And it came to pass, when all the people were clean passed over Jordan, that the LORD spoke to Joshua, saying,…
Gilgal, the first encampment, lay defenceless in the open plain, and the first thing to be done would be to throw up some earthwork round the camp. It seems to have been the resting-place of the ark, and probably of the non-combatants, during the conquest, and to have derived thence a sacredness which long clung to it, and finally led, singularly enough, to its becoming a centre of idolatrous worship. The rude circle of unhewn stones without inscription was, no doubt, exactly like the many pre historic monuments found all over the world which forgotten races have raised to keep in everlasting remembrance forgotten fights and heroes. It was a comparatively small thing; for each stone was but a load for one man, and it would seem mean enough by the side of Stonehenge or Carnac, just as Israel's history is on a small scale as compared with the world-embracing empires of old. Size is not greatness; and Joshua's little circle told a more wonderful story than its taller kindred, or Egyptian obelisks or colossi.
1. These grey stones preached at once the duty of remembering and the danger of forgetting the past mercies of God. When they were reared they would seem needless; but the deepest impressions get filled up by degrees, as the river of time deposits its sands on them. We do not forget pain so quickly as joy, and most men have a longer and keener remembrance of their injurers than of their benefactors, human or Divine. The stones were set up because Israel remembered, but also lest Israel should forget. We often think of the Jews as monsters of ingratitude; but we should more truly learn the lesson of their history if we regarded them as fair, average men, and asked ourselves whether our recollection of God's goodness to us is much more vivid than theirs. Unless we make distinct and frequent efforts to recall, we shall certainly forget God's goodness. The cultivation of thankful remembrance is a very large part of practical religion; and it is not by accident that the psalmist puts it in the middle, between hope and obedience (Psalm 78:7).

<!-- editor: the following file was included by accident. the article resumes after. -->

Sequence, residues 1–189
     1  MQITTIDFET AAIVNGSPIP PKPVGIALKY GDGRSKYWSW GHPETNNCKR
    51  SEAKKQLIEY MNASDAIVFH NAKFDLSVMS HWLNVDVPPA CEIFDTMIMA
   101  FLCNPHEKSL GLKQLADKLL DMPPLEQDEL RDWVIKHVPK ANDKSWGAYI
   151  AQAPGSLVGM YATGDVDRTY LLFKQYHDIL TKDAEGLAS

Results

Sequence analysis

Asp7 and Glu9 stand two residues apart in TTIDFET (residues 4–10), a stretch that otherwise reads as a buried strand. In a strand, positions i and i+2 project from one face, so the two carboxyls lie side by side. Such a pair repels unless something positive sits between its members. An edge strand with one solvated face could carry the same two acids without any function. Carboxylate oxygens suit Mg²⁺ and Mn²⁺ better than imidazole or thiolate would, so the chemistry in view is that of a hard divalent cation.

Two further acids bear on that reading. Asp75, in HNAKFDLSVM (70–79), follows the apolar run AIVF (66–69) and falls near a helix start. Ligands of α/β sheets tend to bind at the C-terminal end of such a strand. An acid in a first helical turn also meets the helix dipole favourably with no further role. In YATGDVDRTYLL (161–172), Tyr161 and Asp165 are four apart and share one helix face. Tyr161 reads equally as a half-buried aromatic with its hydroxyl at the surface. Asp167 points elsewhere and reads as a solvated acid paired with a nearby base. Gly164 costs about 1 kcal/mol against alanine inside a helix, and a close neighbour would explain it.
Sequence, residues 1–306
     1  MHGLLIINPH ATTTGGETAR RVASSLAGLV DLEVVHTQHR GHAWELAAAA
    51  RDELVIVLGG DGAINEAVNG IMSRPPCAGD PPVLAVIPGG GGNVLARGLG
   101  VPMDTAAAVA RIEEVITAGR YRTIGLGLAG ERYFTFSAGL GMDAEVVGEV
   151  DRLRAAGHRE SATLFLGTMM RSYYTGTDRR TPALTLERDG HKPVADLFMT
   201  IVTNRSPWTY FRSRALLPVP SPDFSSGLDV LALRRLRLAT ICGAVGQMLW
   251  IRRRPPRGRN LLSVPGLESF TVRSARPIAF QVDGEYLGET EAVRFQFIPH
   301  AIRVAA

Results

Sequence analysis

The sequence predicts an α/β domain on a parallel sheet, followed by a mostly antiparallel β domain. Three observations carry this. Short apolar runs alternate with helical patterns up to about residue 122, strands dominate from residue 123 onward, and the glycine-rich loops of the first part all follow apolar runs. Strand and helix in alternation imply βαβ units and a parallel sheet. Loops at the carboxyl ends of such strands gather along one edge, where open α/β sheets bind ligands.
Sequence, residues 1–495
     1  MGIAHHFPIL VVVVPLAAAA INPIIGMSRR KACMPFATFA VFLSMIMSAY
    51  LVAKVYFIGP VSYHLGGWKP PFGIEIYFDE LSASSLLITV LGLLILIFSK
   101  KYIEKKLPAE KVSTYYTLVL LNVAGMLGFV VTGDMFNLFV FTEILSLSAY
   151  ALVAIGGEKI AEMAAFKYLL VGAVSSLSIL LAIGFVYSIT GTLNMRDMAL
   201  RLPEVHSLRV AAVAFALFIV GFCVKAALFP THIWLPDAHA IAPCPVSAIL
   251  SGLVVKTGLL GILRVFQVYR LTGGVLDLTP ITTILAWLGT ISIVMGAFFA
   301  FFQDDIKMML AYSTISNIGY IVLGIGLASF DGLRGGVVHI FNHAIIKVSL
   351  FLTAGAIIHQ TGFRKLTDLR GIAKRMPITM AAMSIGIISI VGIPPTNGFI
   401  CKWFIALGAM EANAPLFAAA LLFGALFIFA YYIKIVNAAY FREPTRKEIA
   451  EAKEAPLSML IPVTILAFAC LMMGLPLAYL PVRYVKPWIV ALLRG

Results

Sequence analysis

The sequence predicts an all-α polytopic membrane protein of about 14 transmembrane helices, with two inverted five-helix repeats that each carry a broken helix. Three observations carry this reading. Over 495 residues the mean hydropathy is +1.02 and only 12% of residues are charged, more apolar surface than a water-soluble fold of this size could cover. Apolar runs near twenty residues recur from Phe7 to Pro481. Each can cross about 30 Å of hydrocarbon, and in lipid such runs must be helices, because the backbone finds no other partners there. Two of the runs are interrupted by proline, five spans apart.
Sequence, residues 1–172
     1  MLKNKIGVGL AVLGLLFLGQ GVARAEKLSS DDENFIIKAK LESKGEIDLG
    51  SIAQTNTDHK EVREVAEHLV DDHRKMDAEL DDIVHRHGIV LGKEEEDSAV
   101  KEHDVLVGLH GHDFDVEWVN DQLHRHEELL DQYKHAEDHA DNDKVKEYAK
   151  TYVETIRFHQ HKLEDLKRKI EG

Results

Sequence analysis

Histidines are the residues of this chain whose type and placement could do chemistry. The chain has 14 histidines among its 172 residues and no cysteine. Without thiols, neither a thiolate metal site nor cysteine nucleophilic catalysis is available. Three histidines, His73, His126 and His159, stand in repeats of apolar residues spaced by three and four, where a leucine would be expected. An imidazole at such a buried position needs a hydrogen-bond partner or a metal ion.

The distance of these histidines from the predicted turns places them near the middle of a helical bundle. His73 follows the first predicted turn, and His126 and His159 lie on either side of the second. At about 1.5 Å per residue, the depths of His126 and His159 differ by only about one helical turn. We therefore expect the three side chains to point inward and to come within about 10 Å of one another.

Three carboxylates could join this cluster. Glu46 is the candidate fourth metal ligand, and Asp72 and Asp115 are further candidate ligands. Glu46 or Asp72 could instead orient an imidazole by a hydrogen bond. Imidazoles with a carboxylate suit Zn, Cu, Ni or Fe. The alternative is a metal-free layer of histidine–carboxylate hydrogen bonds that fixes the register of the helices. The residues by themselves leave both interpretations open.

2. The memorial stones further proclaimed the duty of parental instruction in God's mercies. They speak of a time when tradition was the vehicle of history; when books were rare, and monuments were relied upon to awaken curiosity which a father's words would satisfy. Notwithstanding all differences in means of obtaining knowledge, the old law remains in full force, that the parent is the natural and most powerful instructor in the ways of God. The decay of parental religious teaching is working enormous mischief in Christian households; and the happiest results would follow if Joshua's homely advice were attended to, "Ye shall let your children know."
3. The same principle which led to the erection of this simple monument reaches its highest and sacredest instance in the institution of the Lord's Supper, in which Jesus, with wonderful lowliness, condescends to avail Himself of material symbols in order to secure a firmer place in treacherous memories.
(A. Maclaren, D. D.)
Parallel VersesKJV: And it came to pass, when all the people were clean passed over Jordan, that the LORD spake unto Joshua, saying,